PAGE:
A dramatic shift away from arranged marriage and capture marriage is underway in the village of Junigau, Nepal. Traditionally prohibited from courting in person, young people today are applying their newly acquired literacy skills to the art of love letter writing. And as a result, the practice of elopement is on the rise.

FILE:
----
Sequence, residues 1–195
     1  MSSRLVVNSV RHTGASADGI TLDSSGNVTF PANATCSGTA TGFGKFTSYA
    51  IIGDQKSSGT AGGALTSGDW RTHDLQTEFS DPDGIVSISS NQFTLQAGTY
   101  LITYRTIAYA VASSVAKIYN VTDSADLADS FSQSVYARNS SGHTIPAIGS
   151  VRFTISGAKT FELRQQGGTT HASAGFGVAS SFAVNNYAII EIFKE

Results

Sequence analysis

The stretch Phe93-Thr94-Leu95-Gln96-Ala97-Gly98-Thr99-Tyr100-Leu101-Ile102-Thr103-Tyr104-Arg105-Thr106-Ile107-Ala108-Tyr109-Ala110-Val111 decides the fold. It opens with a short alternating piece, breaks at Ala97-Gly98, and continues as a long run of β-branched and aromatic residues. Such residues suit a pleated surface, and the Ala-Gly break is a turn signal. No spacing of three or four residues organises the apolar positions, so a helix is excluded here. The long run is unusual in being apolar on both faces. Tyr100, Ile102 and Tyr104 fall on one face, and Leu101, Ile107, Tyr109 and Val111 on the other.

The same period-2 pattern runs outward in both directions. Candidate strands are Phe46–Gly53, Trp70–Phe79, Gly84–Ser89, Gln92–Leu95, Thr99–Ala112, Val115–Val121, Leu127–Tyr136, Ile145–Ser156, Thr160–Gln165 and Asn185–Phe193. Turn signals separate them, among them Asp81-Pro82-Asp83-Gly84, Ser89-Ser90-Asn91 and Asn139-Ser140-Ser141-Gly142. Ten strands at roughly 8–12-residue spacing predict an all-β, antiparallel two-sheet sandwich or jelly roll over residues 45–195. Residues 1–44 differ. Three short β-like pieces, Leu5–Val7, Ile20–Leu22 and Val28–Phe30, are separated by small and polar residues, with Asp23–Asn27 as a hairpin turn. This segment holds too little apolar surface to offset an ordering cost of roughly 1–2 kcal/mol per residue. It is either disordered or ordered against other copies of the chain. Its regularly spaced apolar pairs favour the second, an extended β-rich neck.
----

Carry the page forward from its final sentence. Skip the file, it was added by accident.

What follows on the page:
Using a rich ethnographic style, Laura M. Ahearn discusses the implications of this emerging love letter correspondence and traces out the broader ramifications for literacy, gender, love, personhood, and social change in Nepalese society. Her close examination of marriage practices reveals the microprocesses of social transformation as this shift is occurring - especially how villagers' own conceptions of their abilities and responsibilities are being affected by Western-influenced understandings and practices.